by Beth Shepard   Beth's profile on LinkedIn  

50 Is the New 40: How Well-Being Programs Can Better Serve Middle-Aged Workers

Have you noticed a shift in your workforce vibe? Gen-X employees are heading over the hill on the heels of their Baby Boomer coworkers, and neither group is retiring anytime soon. Graying of the labor market is in progress; how will your workplace well-being program adapt to better serve this snowballing demographic?


By the Numbers

It’s easy to assume older workers are on their way out the office door, but experts say the opposite is true; the 50+ crowd is participating in the labor force at significantly higher rates than in 2000. The Bureau of Labor Statistics estimates 30% of people ages 65-74 will remain in the workforce by 2022, compared to 20% in 2002.
Health, finances, family circumstances, job satisfaction, and social well-being all factor into a decision to keep working well into the traditional golden years. A lot of middle-agers have multiple jobs and struggle just to get by; some want to retire, but can’t; others choose to work because they enjoy their jobs and coworkers.
Whatever the case, the workplace may offer rewards that go beyond the paycheck:

  • Personal and professional fulfillment
  • Intellectual challenge
  • Learning opportunities
  • Sense of purpose and accomplishment
  • Camaraderie and enjoyment.

Thoughtfully designed wellness offerings will meet older workers where they are, providing resources and support for the unique priorities of this life stage.


Not Too Old, No Longer Young

Having more years behind you than in front of you naturally triggers reflection on meaning and priorities. Middle-agers place a high value on quality of life; they want:

  • The health, energy, and endurance for things they enjoy
  • Useful, relevant work
  • Strong relationships
  • Knowledge they’re contributing to the greater good while investing in their own happiness and well-being.

Your wellness program will remain appealing to this group when offerings are attuned to midlife needs and interests that go beyond physical benefits.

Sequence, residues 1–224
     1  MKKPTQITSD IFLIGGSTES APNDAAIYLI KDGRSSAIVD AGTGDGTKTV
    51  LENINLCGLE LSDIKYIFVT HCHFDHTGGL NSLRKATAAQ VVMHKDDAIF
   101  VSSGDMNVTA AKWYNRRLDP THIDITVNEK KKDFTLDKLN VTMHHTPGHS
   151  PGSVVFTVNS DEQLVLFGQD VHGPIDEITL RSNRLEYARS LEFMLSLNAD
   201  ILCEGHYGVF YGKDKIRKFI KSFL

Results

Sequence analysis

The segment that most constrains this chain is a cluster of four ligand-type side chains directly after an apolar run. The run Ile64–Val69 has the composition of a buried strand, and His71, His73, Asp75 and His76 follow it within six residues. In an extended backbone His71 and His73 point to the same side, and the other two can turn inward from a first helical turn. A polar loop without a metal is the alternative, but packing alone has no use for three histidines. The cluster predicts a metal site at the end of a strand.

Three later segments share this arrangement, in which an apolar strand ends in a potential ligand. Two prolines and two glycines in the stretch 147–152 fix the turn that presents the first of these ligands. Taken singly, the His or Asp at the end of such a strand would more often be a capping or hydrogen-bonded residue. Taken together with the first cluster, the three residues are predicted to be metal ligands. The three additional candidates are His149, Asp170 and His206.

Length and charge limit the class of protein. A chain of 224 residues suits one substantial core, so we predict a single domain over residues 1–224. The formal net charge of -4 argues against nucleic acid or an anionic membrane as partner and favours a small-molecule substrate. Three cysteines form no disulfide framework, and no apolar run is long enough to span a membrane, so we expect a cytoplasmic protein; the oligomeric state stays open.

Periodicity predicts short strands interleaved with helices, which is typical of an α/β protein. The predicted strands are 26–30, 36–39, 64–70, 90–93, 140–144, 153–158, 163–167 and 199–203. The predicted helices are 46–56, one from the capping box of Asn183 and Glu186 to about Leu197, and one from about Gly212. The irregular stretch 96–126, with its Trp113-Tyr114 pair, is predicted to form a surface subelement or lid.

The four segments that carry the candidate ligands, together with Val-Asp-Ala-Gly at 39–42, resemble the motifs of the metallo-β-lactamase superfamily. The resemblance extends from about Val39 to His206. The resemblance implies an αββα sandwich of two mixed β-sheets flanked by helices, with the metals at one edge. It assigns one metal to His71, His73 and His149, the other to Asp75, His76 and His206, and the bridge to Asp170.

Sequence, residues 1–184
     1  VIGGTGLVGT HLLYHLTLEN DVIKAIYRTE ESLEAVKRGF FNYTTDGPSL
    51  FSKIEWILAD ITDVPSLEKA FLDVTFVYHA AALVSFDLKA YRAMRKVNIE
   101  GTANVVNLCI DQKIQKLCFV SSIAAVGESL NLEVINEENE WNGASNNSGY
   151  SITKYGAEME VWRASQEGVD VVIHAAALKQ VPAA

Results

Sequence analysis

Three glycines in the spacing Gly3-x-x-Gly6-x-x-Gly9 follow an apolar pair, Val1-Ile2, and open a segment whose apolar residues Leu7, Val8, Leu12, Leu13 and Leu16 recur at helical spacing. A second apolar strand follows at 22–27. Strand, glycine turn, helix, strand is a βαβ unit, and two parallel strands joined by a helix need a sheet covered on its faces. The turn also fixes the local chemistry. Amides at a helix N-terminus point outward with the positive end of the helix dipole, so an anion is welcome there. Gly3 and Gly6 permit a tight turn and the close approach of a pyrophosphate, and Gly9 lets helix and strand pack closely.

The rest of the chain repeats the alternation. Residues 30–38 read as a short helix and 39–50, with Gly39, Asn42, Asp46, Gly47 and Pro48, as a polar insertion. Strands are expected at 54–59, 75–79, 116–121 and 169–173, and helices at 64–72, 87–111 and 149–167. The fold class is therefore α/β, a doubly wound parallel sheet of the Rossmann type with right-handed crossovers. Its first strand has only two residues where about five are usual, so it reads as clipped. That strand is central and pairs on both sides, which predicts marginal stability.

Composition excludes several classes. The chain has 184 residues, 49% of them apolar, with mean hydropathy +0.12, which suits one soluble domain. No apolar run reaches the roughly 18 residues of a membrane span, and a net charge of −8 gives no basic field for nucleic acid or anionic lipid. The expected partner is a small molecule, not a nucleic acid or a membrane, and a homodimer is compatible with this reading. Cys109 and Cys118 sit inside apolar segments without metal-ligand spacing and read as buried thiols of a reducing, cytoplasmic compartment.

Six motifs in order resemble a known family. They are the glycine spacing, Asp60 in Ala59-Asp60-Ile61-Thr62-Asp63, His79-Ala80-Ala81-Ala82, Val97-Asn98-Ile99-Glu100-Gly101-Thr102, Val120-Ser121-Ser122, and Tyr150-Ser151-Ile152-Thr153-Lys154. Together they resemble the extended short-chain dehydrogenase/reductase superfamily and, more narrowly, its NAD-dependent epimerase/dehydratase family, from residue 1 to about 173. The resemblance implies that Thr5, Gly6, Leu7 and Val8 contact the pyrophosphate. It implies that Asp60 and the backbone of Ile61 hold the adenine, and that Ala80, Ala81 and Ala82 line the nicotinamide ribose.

• Encourage volunteerism. Promote a variety of long- and short-term opportunities for employees to help make the world a better place. Giving time and energy to a personally important cause fosters a sense of purpose.
  • Endorse job-crafting. Workshops, manager training, and other resources can help middle-aged workers recognize and use their strengths daily at work. Outline ideas for employee-manager conversations around changes to boost job gratification and opportunities for growth.
  • Offer guidance on money matters. Though diapers and daycare may no longer be concerns, managing a monthly budget, paying for college, funding retirement, long-term care insurance, and will-planning are typically high on the list.
  • Spark reflection. Provide content on journals or memoirs, scrapbooks, or geneology. Invite wellness testimonials and employee-written guest blog posts. Promote community-based education resources on your program website.
  • Cultivate connections. Loneliness and isolation are significant health risk factors, and are more common as people age. Build social connections into your wellness programming and encourage employees to buddy up for activities like walking groups, weekend hikes, healthy potlucks, and sightseeing.
  • Feed curiosity. Many middle-agers are ready to learn something new. Encourage them to explore Massive Open Online Courses (MOOCs) like EdX or Coursera. Communicate your organization’s tuition reimbursement policy and internal training. A company-wide or department-specific book club could meet this need. Bring in speakers on a wide mix of subjects; broadcast community events like author readings, lectures, and arts festivals. Job-related or not, learning promotes thinking — and boosts well-being — at any age.
  • Leverage existing resources. You don’t have to reinvent the wheel; ask HR, your retirement benefit administrator, EAP, and others about offerings tailored to middle-agers, then team up to deliver them.

Middle-aged employees bring hard-earned experience, wisdom, and perspective to the workplace; many have a lot of contributions left to make. The right programs and services help them flourish both on and off the job — and there’s no better way to enhance performance as well as loyalty.


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